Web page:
Two Years Too Late


I think I came two years too late
To hear the Irish giant speak;
And if two years I’d had him wait
His hair would even more have greyed.

We elevate the out-of-reach —
The 1950s Irish week —
And drain the days for what they teach,
That meaning-driven brain disease.

But jelly spawn I cannot feel,
Nor mid-term breaks, blackberry reek,
The sounds of spades, nor ancient wheels,
Nor murder-bogs, nor summer tears.

I think I came two years too late
To hear the Irish giant speak;
Though I’ve the words that worlds create
the memories cannot be here.



Grip the porcelain and scream out
Silent little wishes that you
Hope she might remember, and how
Sweet the taste your throat pounds through,
How sweet the fiery breath of porcelain.

Door locked, bolt through,
Oh shitty painted wooden door,
Do not show me thy chink
Do not show me thy chink
Do not
Show me
Thy chink,

Grip the porcelain and you will
Die and don’t grip it and you will
Die and taste the sickly sweetness
Of the porcelain, porcelain;
Grip the porcelain, you shit, and
Crush it in between your hands you
Shit and let the water flow through
All your lungs you piece of shit, you

FIRE! FIRE! Fire in the theatre!
Crumbling prosceniums as plastic vines
Catch fire, and yes I’d like an ice-cream “Well!”
She said, “That’s quite a price for a choc-ice!”
And fire as rain and fire as rain MACBETH
Out, out, brief candle! Out, out, candle, out!
Now the flood, oh what fresh hell is
this? Porcelain! Soft porcelain,
melting down over the seats NO
not the seats they’re finest silk
and irreplacable for us
so why did you not stop the fire
the fire the fire you helped the fire
you piece of shit you helped it grow
you helped it ruin everything
you piece of shit
you piece of shit
you piece of shit

Breathe. Breathe. Breathe. Breathe.
The television plays downstairs
And that will be some calm to me.
Hold the porcelain, the sink, and
Breathe. Breathe slowly, now, as it fades,
Thunder rumbling far away from this
Small suburban bathroom that you
Hold. You lived, at least. And that, to me,
Is enough.

This was originally a facebook post, but due to its length and for its posterity I thought I’d throw it on here. :)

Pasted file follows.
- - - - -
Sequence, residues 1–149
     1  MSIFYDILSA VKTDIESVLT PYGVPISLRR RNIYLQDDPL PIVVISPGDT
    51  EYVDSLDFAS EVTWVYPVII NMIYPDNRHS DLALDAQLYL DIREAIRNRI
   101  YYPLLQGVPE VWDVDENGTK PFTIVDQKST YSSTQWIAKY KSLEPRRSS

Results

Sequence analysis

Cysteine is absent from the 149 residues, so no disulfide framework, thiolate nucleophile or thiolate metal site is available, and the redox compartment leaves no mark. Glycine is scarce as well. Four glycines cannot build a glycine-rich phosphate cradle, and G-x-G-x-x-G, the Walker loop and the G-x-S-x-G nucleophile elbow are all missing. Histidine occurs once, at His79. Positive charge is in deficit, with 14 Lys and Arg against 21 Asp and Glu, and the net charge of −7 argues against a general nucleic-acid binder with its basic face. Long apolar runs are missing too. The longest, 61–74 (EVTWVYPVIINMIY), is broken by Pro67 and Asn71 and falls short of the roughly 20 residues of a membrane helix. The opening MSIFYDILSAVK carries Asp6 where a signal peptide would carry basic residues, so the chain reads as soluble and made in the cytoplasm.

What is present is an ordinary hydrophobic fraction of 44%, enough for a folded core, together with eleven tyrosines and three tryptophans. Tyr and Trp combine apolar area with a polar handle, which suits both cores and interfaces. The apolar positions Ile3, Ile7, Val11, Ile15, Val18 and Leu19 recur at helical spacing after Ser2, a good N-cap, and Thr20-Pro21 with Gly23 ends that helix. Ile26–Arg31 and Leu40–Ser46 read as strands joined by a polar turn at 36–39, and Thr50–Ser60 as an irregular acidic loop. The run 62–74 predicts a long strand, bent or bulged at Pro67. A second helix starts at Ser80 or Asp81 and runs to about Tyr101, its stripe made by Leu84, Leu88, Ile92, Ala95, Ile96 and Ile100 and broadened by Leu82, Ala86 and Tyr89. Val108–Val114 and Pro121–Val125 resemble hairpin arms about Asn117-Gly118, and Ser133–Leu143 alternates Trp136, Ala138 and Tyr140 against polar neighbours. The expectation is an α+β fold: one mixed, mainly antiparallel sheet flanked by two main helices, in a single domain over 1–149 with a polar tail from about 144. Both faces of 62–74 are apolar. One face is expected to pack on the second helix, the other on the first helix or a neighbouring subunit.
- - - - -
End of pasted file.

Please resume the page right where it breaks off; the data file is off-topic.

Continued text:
This is an insanely long ramble about books, but the people who don’t care will read none of it and the people who do will read all of it. So I have no need to apologise for it.

The ever-wonderful Frankie Enticknap said I should do a list of 10 books that educated/improved/whatevered me in the name of spreading a love for books. I couldn’t possibly turn down that offer. I feel like this list is going to focus primarily on books that have educated me in terms of writing itself, since those are the ones that have had the most profound effect on me. So, in no particular order:

1) FANTASTIC MR FOX — ROALD DAHL: So Dahl was a really big part of my childhood. I think he was probably the first author that I really clung to, what with his penchant for messing about with language and creating amazing characters, especially in combination with Quentin Blake’s illustration. Fantastic Mr Fox stands out for me because I read it over and over again as a child, and it has a brilliant mix of pathos and humour: the plot is in league with Wile E. Coyote in a sense, as the farmers focus all of their efforts on a single cunning fox. Although I never understand why the secret underground society of foxes and moles and rabbits so happily dined on chickens…

2) MORT — TERRY PRATCHETT: You can do that with books, huh? I was introduced to Pratchett at a fairly early age — about six or seven, far younger than perhaps I should have been — and he’s been a huge influence on me. I chose Mort for this list simply because it was the first one I read. This was what made me love wit and satire.

3) THE HITCHHIKER’S GUIDE TO THE GALAXY — DOUGLAS ADAMS: You can do THAT with books? Really? Is he in jail? He’s dead? Oh.
Hitchhiker’s is interminably silly yet also skeweringly clever. He takes convention, rearranges the letters and gets MOUSEDOLPHINVOGON. Absolutely a must-read. The trilogy is kinda long, but it flies by. I read this at the same time as Pratchett despite it being significantly longer.

4) VANITY FAIR — WILLIAM THACKERAY: I mean, it’s Vanity Fair. That’s usually enough for most people. But it gets on this list mainily because it redeemed Victorian literature for me. I’ve always found Dickens a bit turgid at points, but Vanity Fair is keen in its satire and genuinely hilarious.

Guess who my favourite author is. I’m not sure I’m even allowed to have several books by the same author on this list, but Steinbeck has been such a huge part of my life that I had to include all three. In summary, these books have been the grounding for the wild fantasy of Pratchett and Adams, ruthless in their realism and dark in their themes. Steinbeck is an author but also a poet: efficient, concise, yet evocative. He impresses me most, however, with his endings — they’re oddly satisfying in the sense that there is no real conclusion, but such a lack of conclusion perfectly mirrors real life. READ STEINBECK AGH YOU MUST!

No, Plath wasn’t Salinger in drag I swear. I’ve grouped these two together not because they’re by the same other, but because they hit the beautiful and ideal mid-point of the spectrum I’ve hinted at. If Pratchett and Adams are wildly fantastical, and Steinbeck is starkly realistic, then Plath and Salinger combine the two. You won’t believe me if you haven’t read it, but The Bell Jar is a surprisingly funny book. Both of these books are riddled with dark humour, which renders a true-to-life environment while creating highly engaging characters. Plus these two are fairly short so you’d zoom through them AND YOU REALLY SHOULD